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Ask a vet online – ‘My 3 year old yorkie gets very destressed when left on his own howling and barking, neighbours are complaining’

Question from Sue Michele Whitehouse My 3 year old yorkie gets very destressed when left on his own howling and barking, neighbours complain so I try and take him wherever possible with me, but sometimes this isn't possible and he can sense I am going out and starts getting upset before I even leave him.........thanks Hi Sue, and thank you for your question about your Yorkshire terrier. What you have described your dog as suffering from sounds very much like a condition known as Separation Anxiety. I will try to explain what separation anxiety is, how it affects dogs and some ways to try and combat it. Answer from Shanika Winters MRCVS (online vet) So what is Separation Anxiety? Separation Anxiety (SA) as the name suggests is when your pet becomes worried and or distressed when alone. There are many ways in which dogs can show their distress including vocalising (barking and howling), chewing at furniture or themselves (often chew or lick at paws), toileting in the wrong place, pacing around, hiding, drooling and generally being miserable. Why do some dogs suffer from Separation Anxiety (SA)? As with most behaviour related problems there is not a definite explanation as to why a particular dog develops a condition such as SA but it may well be related to poor socialisation as a puppy or changes in the household. The peak socialisation period for a puppy is around 1-2 months of age, during this time it is really important that your puppy is exposed to lots of different people, animals, places and situations. Household changes can include: moving house, new family members, new pets and changes to family members daily routine such as starting a new job. How to try and avoid Separation Anxiety? It is really important to check that your dog is in good health and that you are not assuming a problem to be behavioural when an underlying medical condition exists. If you are in any doubt then take your dog to your vet for a full health examination and also to discuss treatment options. All dogs benefit from a good diet, fresh water, regular exercise and mental stimulation appropriate for its life stage. We assume that once dogs have grown up from being puppies that they are not as interested in playing, if you give your dog to opportunity to play you will realise how much they still love it. It can be helpful to make a weekly chart of games to play with your dog to remind you to keep things varied. Try and choose activities that you and your dog enjoy such as: fetching a ball, finding hidden treats, heel work, agility work, grooming, bathing and massage. It is also worth making sure your dog is slowly introduced to having time apart from you so that they can adjust gradually to longer periods of separation. Always make sure that your dog has had chance to toilet and has a safe comfortable place to rest. It is also worth trying to reduce the triggers for your dog’s SA by leaving the house in a quiet and subtle way. By having your shoes, bag, coat and keys all ready and close to the exit it will be less obvious that you are leaving and hopefully less stressful for your dog. A lot of owners think that by making a fuss over their pet and explaining that they will be home soon they are helping SA but unfortunately this just acts another trigger for your dog to become stressed. It is more important to positively reinforce your dog’s good behaviour on your return home and never punish it for its distressed behaviour. I strongly believe that negative reinforcement does not help owner or dog. Some pets also benefit from background noise such as having the television or radio on so the house is not so quiet and they feel less alone. What can I get to help reduce the symptoms of Separation Anxiety? Pheromones such as the DAP (dog appeasing pheromone) can help reduce anxiety in some dogs. Pheromones are chemicals that are specific to a particular species of animal, the DAP products (plug in diffuser, spray and collars) contains an artificial version of a pheromone that helps to relieve stress in dogs. Correct use of pheromones along with a change to how you approach leaving the house can help reduce SA. Behaviour modifying drugs, these include Valium related chemicals and antidepressants can also help to reduce SA but must be used under the direction of your vet. What do I tell the Neighbours? It is worth talking to your neighbours and explaining that you are aware that your dog barking is really annoying for them and that you are working with your vet to try and reduce the problem. Most people will appreciate you acknowledging the problem and that you are working towards stopping it but that it will take time. I hope that this answer has been helpful and that your dog manages to overcome his Separation Anxiety. Shanika Winters VetMB MRCVS (online vet) If you are worried that your dog is behaving strangely please see your vet or use our online symptom checker for guidance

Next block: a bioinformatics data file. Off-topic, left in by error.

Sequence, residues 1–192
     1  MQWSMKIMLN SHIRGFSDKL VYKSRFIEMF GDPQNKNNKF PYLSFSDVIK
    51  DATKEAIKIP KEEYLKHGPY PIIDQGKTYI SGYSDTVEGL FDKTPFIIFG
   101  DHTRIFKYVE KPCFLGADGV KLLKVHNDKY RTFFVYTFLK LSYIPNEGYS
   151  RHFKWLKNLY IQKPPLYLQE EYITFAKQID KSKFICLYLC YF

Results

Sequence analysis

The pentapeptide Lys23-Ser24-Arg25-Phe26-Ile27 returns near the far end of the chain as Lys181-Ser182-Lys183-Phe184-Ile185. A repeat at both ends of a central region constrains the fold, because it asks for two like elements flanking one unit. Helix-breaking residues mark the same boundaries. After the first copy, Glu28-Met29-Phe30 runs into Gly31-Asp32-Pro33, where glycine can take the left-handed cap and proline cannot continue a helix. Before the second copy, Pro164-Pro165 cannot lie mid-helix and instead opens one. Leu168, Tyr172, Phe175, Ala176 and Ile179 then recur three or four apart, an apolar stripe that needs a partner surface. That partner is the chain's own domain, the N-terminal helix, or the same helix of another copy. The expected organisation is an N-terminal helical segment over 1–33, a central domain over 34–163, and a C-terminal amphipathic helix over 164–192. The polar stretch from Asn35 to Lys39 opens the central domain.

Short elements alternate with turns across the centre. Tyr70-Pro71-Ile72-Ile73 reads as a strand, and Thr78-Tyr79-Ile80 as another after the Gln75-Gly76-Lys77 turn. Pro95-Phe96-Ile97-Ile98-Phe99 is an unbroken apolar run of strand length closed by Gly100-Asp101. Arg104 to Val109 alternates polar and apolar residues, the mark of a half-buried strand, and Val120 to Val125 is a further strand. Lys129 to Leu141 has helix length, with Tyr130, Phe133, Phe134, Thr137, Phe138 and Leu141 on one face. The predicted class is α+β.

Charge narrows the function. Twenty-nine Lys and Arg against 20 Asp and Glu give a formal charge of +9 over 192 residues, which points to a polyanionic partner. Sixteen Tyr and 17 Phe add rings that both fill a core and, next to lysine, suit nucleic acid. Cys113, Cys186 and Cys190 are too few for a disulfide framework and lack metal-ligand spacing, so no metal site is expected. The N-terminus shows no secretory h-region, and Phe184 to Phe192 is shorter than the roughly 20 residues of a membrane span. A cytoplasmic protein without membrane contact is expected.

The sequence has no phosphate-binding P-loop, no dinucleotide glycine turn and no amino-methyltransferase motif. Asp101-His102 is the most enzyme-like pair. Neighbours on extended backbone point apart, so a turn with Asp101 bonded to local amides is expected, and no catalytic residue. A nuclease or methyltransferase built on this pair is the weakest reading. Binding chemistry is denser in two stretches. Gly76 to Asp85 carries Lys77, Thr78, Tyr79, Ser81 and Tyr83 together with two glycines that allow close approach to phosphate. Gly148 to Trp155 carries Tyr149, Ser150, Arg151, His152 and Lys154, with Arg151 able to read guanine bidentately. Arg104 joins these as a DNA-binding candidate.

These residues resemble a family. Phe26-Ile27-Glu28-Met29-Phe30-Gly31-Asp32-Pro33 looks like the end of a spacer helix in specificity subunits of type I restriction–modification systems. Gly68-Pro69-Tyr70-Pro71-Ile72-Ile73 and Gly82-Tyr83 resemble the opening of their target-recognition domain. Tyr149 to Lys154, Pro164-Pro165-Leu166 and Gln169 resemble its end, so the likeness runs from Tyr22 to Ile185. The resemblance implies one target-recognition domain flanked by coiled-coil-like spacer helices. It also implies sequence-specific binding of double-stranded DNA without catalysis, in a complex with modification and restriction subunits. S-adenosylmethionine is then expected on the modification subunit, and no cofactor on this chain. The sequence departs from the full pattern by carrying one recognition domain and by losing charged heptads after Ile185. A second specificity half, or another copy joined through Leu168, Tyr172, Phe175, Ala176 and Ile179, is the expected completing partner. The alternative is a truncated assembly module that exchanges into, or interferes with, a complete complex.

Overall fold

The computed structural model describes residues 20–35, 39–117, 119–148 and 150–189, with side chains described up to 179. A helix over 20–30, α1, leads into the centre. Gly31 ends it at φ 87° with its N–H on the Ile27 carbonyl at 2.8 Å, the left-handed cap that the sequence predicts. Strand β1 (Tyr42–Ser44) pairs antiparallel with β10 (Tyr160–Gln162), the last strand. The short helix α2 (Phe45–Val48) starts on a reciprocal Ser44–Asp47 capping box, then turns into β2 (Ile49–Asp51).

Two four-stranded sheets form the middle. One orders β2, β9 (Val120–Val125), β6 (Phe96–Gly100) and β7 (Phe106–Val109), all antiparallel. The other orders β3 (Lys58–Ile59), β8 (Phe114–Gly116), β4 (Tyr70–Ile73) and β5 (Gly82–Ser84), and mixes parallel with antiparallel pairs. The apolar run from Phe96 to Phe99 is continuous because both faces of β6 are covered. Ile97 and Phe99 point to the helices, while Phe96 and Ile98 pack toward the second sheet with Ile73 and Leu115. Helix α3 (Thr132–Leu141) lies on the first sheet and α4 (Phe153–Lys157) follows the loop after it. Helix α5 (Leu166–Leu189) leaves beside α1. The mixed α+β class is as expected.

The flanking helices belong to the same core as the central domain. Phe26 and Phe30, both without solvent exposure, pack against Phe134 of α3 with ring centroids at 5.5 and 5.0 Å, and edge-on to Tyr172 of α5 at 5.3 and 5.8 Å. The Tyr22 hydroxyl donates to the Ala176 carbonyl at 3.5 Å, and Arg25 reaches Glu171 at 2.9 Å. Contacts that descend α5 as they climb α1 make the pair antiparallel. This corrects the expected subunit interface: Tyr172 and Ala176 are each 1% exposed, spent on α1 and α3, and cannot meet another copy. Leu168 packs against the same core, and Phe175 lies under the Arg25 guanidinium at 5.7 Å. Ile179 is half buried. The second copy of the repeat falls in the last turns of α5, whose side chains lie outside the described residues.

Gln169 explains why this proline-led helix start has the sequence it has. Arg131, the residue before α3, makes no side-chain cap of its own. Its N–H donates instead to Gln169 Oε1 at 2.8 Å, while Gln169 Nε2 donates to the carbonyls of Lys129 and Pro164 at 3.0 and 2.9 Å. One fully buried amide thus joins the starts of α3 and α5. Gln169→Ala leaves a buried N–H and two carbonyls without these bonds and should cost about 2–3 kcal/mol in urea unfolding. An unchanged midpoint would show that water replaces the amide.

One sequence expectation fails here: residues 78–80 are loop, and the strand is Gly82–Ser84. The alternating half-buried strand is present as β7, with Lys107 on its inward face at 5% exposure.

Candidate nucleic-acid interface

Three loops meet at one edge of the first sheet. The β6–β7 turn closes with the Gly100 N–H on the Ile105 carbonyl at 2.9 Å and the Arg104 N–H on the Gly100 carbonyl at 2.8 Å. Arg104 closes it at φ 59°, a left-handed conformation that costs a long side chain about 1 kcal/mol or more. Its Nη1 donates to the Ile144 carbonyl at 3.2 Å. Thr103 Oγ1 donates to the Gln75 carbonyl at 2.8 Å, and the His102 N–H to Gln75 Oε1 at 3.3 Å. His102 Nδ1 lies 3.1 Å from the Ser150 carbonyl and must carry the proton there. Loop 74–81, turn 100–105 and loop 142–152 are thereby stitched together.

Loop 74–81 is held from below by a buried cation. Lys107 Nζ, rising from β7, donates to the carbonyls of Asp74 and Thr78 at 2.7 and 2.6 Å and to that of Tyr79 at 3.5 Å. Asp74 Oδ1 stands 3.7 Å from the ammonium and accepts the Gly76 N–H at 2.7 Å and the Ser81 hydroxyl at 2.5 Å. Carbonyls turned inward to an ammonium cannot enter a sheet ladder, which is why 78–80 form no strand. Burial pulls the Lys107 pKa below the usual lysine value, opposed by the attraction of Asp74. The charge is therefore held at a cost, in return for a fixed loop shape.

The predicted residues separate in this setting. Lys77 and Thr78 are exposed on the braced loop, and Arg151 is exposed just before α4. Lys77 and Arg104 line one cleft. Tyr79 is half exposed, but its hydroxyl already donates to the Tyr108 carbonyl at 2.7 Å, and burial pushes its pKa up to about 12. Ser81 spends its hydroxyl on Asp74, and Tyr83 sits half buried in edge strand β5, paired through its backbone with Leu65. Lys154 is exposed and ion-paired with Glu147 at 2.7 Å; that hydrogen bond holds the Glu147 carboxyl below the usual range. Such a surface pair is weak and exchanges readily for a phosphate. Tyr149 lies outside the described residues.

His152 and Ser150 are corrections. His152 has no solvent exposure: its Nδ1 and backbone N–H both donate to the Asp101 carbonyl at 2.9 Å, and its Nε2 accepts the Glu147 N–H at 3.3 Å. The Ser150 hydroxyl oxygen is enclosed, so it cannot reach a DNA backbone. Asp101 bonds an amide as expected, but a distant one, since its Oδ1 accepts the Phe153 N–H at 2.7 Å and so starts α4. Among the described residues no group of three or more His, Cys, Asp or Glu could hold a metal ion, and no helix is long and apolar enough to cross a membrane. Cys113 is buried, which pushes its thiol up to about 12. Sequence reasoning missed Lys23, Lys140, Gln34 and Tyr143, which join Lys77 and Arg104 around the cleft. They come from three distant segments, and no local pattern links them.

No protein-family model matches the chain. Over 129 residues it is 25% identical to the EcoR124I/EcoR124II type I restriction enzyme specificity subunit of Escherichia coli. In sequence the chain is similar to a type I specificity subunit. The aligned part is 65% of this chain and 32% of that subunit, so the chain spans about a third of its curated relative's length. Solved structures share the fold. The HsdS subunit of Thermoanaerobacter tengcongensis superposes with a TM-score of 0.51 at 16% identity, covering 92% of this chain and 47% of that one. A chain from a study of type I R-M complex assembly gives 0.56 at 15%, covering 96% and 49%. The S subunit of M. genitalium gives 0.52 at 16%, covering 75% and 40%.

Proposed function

Ask a vet online – ‘My dog keeps shaking his head and scratching his ears’

Question from Amanda Shaw My dog keeps shaking his head and scratching his ears, they feel a little bit swollen but they are cleaned often so no mites he is lively and not off his food I'm at a loss. Answer from Shanika Winters MRCVS, online vet Hi Amanda and thank you for your question about your dog’s ears. It is great that you are cleaning your dog’s ears regularly. I will discuss a list of possible causes for your dog to be shaking his head, scratching his ears and for the swelling followed by some treatment options. Why is my dog shaking his head and scratching at his ears? The symptoms you have described could be due to a foreign body e.g. a grass seed down the ear canal, bacterial or yeast infection, skin allergy, parasites e.g. ear mites, polyps or an aural haematoma (blood blister) all of which can be painful. Grass seeds are a common finding down the ear canal of dogs that go for walks in the countryside. The shape of a dog’s ear canal has an upright tube (vertical canal) and then a 90 degree bend and a sideways tube (horizontal canal) at the end of this is the ear drum (tympanic membrane), this lends itself to getting things lodged inside. A foreign body like a grass seed can usually be seen by your vet with the help of an otoscope (hand held torch with a magnifying lens and a funnel). Grass seeds can usually be removed using a special pair of long grabbing forceps; some dogs will however need sedation or a general anaesthetic to allow the removal and examination to be carried out safely. We often send dogs home with antibiotic and pain relief after foreign body removal to combat any infection and pain. Bacterial and yeast infections of the ear are conditions that affect the skin that lines the inside of the ear canals. The shape of the ear canal along with the ear flap (pinna) tends to funnel in moisture and trap germs. Dogs with a large floppy pinna such as Spaniels have the added feature of a closed lid over the ear canal all leading to a great environment for germs to breed. Infection may be present on other parts of the body and the whole animal may need treatment not just the ears. If the condition is only affecting the ears then ear cleaning solution and antibiotic drops can be a very effective treatment. If you are new to applying ear cleaner and ear drops then ask your vet or veterinary nurse to show you the best way to use them. If the condition is affecting other areas of skin then injectable or tablet medications may be given so that the drugs can travel in the blood stream to reach more areas of the body. When infections are not clearing up your vet might suggest taking swabs from the area. The swabs are sent to the laboratory for bacteriology and sensitivity. This tells us which bacteria and yeasts are present, and which drugs should be effective against them. Skin allergy can affect the ears as the ear canals are lined by skin, diagnosis and treatment of skin allergy can involve swabs, biopsy samples and skin scrapes analysed at your vets or sent to a laboratory. Treatment of skin allergy can involve use of low allergy diets, shampoos, desensitisation vaccines, antibiotics, antihistamines and various immunosuppressant drugs. Parasites including ear mites (Otodectes cynotis) and ticks (Ixodes varieties) can lead to irritation and then bacterial infection of the ears. Ticks are usually visible to the naked eye but ear mites are more easily seen under a microscope. Use of an appropriate antiparasitic treatment and removal of the parasites are the best method of treatment. Aural haematoma, this is a blood blister usually found on the outer skin of the ear pinna, seen as a swollen area which often causes the ear to droop. The swelling is soft and fluid filled, it is often the result of a trauma such as a dog fight or vigorous ear shaking. The haematoma develops as small blood vessels in the ear burst and the blood leaks under the skin, this separates into a pink tinged fluid and a thicker dark red clot. Some dogs are prone to recurrence of aural haematomas and repeat treatments may be needed. There are two main methods of treatment, draining via a needle or surgical drainage under a general anaesthetic. Antibiotics, steroids or anti-inflammatory drugs may also be given in the form of tablets, injections or directly into the ear. Ear polyps are growths of different size that occur inside the ear canal, they are usually diagnosed on examination using an otoscope. Polyps are usually not cancerous but if there is any doubt then the polyp can be sent to a laboratory for analysis after removal. Small sized and numbers of polyps may not cause a problem to your dog but if there is irritation they can be removed surgically, in more serious cases removal of part or all of the ear canal may be an option. In conclusion it is really important to have your dog’s ears examined by your vet so that a correct diagnosis and appropriate treatment can be started. I hope that my answer has been helpful and that your dog has much more comfortable ears as soon as possible. Shanika Winters VetMB MRCVS (online vet) If your dog has a problem with its ears please book an appointment to see your vet, or use our online symptom checker